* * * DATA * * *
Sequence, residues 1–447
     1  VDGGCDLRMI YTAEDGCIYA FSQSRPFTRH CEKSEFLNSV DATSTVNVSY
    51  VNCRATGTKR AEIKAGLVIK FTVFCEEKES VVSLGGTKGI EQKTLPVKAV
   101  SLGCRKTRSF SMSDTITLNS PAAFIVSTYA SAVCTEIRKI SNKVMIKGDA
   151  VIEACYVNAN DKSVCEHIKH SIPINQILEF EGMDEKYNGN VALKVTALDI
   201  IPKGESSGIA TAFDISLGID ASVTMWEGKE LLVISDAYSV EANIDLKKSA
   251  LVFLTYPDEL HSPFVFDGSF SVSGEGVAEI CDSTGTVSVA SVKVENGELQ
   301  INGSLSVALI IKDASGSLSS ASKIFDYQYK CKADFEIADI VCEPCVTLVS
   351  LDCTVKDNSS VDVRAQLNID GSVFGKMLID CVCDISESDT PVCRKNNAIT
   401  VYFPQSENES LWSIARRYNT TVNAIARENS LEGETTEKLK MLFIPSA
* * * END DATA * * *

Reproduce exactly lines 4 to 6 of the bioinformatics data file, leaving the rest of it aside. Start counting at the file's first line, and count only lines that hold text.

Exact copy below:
   101  SLGCRKTRSF SMSDTITLNS PAAFIVSTYA SAVCTEIRKI SNKVMIKGDA
   151  VIEACYVNAN DKSVCEHIKH SIPINQILEF EGMDEKYNGN VALKVTALDI
   201  IPKGESSGIA TAFDISLGID ASVTMWEGKE LLVISDAYSV EANIDLKKSA